21:31 Professor Edwin Constable: Yes, it gets us into an area which is actually rather topical. The first point that it really creates a clash is in the so called dual use research of concern. So this is research which is done for the benefit of mankind, but which can be misused or redirected towards typically military or antisocial ends. So the classic example I would give is, should the researcher accept a contract from a cosmetics firm, to develop an app for a smartphone, so that you could hold the phone up to your face, and it would then match the cosmetics perfectly to your colouring, to your facial features. And that, of course, is a benign application and is something that I think at first sight, we would all say: ‘hey, that’s great, I can look better without having to do anything’. But that is exactly the same facial recognition technology, which can be built in to a drone. And so this is classical dual use, research of concern. It also extends, is very generally recognized within the Life Sciences and Biological Sciences. And this is where there is a conflict because you have an, at least, an ethical, and possibly an integrity question regarding even doing this research.But then there is the question that if you decide that you don’t want to do it, or if your institution decides it doesn’t wish to be involved in this research program, we immediately have the question of the researcher’s individual rights to academic freedom, and not being allowed to pursue a particular line of research. But it’s a broader issue. If we move to the humanities, there is an ongoing debate and one I have no wish to enter into: should we allow research into the 1930s and the 1940s in Europe, with a stated thesis of Holocaust denial. Is that academic freedom or is that a step too far? And as I say, it’s a debate I don’t want to enter into, but it’s a debate that many university managements have to address one way or another and many funding agencies have to address in the course of their daily work.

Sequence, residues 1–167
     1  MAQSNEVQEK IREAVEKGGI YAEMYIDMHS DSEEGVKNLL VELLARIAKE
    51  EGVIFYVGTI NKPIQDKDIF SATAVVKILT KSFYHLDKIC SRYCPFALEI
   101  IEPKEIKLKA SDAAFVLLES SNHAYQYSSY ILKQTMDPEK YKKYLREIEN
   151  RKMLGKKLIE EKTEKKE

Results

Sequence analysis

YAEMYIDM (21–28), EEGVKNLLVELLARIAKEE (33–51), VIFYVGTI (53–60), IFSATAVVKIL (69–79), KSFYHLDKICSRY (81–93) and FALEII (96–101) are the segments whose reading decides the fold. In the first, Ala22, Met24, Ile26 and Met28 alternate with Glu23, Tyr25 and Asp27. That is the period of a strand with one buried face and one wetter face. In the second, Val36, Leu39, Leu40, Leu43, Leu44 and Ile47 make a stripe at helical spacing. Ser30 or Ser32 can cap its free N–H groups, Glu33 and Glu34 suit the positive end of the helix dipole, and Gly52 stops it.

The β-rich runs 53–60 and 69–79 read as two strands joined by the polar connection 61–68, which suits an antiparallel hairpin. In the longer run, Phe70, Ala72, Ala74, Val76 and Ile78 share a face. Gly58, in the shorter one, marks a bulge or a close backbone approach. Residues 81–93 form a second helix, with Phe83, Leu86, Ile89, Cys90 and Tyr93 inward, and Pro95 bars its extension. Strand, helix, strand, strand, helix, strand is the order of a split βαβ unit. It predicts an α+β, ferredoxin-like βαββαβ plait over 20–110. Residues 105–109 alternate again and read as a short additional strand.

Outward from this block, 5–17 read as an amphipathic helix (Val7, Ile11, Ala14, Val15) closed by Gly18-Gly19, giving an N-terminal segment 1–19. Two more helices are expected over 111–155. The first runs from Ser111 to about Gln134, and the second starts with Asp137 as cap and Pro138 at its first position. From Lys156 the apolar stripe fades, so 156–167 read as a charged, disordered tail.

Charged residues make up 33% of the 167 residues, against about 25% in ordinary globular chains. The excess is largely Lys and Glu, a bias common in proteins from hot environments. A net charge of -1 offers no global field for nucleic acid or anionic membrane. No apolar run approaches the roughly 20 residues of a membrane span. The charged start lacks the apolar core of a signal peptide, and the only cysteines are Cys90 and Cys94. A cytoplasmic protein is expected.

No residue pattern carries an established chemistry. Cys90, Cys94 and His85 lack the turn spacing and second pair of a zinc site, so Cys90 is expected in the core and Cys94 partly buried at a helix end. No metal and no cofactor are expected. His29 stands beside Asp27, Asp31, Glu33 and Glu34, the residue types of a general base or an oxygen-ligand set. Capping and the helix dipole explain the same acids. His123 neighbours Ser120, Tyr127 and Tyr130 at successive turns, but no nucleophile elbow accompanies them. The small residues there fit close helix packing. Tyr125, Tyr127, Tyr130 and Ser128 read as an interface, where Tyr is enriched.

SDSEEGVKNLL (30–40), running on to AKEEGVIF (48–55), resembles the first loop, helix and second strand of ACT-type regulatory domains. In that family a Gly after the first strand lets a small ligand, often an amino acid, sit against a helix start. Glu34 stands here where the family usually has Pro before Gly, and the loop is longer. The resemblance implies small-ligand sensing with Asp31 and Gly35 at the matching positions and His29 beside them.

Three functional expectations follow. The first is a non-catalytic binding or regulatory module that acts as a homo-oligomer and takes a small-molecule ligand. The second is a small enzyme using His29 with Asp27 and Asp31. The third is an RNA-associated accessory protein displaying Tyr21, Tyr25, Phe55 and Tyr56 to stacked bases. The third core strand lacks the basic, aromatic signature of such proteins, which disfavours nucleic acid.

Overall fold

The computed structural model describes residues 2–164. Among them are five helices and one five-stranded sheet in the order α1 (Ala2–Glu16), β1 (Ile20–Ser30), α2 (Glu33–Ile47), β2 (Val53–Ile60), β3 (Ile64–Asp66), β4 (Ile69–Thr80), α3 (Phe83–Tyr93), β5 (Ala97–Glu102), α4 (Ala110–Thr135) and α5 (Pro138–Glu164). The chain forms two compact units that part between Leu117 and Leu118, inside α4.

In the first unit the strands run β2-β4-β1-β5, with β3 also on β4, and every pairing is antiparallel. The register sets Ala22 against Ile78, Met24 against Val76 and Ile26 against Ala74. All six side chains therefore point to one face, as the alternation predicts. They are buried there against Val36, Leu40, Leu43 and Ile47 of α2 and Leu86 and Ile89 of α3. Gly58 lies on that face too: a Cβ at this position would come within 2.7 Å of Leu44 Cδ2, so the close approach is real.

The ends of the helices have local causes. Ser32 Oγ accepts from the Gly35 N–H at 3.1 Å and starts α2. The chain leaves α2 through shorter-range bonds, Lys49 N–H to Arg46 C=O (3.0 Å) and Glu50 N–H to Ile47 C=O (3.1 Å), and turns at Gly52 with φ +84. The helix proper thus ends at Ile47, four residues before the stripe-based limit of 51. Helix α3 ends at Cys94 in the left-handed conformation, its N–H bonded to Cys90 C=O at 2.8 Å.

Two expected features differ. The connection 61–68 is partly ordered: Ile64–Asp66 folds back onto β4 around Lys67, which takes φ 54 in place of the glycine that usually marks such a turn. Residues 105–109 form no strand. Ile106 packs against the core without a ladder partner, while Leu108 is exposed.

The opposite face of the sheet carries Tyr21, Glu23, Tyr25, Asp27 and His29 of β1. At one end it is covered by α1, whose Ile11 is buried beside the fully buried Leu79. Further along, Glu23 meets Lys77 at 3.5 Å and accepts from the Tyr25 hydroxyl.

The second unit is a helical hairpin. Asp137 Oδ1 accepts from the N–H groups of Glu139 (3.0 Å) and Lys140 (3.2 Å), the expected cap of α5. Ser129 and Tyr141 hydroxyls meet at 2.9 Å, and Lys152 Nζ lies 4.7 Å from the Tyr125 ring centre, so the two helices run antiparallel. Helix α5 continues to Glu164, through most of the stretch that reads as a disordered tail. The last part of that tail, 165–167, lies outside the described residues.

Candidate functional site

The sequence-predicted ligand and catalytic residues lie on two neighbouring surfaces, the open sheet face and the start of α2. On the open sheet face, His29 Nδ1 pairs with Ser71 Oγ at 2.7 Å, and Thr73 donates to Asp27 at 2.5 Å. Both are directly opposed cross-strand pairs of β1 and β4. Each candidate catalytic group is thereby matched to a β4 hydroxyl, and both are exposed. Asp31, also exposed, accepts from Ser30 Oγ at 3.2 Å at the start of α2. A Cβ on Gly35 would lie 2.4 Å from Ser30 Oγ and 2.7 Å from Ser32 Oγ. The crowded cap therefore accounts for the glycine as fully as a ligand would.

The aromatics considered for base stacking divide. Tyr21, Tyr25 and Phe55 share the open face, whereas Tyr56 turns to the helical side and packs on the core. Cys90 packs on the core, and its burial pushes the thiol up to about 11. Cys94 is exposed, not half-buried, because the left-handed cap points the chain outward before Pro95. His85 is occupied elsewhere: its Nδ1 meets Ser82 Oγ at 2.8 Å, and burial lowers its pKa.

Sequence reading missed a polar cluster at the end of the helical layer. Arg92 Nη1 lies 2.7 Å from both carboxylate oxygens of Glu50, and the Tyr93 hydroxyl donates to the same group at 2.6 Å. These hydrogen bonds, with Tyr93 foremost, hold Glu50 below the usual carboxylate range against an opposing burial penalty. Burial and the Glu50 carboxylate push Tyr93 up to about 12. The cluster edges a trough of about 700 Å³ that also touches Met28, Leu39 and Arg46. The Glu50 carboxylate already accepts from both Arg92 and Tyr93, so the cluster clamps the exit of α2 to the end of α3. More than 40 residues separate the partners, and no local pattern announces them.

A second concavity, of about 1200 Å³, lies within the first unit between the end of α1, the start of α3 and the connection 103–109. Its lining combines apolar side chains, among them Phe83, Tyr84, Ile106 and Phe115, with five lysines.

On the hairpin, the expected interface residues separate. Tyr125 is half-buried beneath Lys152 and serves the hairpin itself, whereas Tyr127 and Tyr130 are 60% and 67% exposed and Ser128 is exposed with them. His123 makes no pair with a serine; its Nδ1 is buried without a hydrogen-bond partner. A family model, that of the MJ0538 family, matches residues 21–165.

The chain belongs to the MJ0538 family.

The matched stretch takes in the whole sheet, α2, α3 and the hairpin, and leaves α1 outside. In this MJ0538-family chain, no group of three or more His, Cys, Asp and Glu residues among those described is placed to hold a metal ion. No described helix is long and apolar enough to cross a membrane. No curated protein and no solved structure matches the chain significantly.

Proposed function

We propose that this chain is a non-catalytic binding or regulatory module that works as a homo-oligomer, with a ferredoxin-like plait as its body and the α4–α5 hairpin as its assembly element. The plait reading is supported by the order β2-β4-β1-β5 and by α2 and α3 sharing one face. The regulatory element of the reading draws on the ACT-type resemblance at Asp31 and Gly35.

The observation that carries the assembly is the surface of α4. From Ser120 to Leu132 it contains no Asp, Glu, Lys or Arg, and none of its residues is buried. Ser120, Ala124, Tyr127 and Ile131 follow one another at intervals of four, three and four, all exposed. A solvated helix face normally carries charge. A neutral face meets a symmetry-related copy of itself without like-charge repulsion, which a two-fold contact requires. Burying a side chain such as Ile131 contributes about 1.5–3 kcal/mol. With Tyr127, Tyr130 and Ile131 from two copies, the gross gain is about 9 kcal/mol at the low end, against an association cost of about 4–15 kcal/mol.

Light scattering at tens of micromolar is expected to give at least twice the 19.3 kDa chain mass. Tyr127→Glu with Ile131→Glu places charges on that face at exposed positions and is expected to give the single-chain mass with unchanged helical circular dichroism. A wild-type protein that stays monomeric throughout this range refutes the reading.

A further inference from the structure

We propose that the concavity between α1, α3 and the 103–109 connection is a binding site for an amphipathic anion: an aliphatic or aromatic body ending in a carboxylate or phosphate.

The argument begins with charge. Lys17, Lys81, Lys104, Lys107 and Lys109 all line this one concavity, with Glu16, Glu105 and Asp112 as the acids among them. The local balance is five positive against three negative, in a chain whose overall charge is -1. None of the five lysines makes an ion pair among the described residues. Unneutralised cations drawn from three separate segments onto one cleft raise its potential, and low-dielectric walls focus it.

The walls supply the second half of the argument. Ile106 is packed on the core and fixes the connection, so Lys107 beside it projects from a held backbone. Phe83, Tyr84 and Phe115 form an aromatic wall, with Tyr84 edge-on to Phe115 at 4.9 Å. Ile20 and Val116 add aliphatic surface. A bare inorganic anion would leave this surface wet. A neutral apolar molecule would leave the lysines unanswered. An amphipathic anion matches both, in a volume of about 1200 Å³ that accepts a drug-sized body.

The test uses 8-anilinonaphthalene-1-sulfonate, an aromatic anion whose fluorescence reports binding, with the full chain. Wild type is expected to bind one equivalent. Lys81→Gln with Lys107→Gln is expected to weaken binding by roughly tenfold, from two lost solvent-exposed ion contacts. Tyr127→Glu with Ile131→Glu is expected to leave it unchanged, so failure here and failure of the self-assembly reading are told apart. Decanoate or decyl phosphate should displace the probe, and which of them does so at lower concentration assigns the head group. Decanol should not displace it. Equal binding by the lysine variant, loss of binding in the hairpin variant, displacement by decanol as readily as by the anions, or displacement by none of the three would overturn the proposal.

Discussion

24:09 Professor Sandro Carnicelli: I think it’s interesting you explaining that because actually, earlier this month, we were in Stockholm for the meeting of the European Network of Young Academies. And one of the days was fully dedicated to academic freedom. And one of the debates was also about, you know, what are the limits of academic freedom? And it’s a valid point, and I think it’s something that actually early career researchers, young academics, future leaders are really keen to better understand the debate. And talking about that, I wanted to take us then further through the development of skills, and leadership skills because again, a lot of these issues that we talked about here, that have developed with technology or with changes in society, or, you know, the increasing awareness of some of our global challenges are really put in check, you know, scientific knowledge, academic knowledge, and so on. And you mentioned a lot about the capacity of explaining academic or scientific knowledge to others. But I wonder in what other leadership skills, values, we should be kind of thinking about developing in this new generation of scientists and researchers?